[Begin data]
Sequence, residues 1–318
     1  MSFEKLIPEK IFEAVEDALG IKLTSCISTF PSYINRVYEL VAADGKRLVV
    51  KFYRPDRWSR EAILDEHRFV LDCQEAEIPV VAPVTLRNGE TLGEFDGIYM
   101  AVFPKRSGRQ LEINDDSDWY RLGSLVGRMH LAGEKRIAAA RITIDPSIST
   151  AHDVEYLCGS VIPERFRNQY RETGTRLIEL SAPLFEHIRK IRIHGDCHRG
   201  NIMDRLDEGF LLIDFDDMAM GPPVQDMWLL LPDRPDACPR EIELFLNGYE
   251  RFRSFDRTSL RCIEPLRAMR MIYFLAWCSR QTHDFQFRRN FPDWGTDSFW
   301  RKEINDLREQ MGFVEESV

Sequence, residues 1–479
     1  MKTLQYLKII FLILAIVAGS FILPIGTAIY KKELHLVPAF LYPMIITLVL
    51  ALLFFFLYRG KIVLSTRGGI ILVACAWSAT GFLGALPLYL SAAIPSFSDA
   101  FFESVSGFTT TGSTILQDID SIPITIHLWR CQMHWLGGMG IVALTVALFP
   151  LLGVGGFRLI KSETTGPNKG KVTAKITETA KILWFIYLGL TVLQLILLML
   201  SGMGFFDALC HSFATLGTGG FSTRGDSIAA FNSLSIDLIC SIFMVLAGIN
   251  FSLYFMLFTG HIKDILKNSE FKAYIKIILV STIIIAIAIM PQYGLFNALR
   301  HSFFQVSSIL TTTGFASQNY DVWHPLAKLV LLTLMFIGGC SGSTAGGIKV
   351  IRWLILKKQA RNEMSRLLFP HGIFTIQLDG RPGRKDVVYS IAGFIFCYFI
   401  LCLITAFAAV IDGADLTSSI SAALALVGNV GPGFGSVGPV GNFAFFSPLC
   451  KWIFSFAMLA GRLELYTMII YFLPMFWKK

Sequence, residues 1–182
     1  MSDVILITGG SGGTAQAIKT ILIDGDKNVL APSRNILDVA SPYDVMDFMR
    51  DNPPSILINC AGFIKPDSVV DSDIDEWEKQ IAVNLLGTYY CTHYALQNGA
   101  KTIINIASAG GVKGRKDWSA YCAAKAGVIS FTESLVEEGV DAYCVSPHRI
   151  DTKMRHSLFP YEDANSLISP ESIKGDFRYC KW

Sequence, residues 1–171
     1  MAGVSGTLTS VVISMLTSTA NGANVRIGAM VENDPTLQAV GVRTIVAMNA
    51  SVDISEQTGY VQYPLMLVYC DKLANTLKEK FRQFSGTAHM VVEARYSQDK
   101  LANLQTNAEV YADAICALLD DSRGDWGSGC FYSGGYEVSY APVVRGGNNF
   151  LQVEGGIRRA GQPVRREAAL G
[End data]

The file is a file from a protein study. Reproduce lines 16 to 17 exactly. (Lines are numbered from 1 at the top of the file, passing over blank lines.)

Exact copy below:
   301  HSFFQVSSIL TTTGFASQNY DVWHPLAKLV LLTLMFIGGC SGSTAGGIKV
   351  IRWLILKKQA RNEMSRLLFP HGIFTIQLDG RPGRKDVVYS IAGFIFCYFI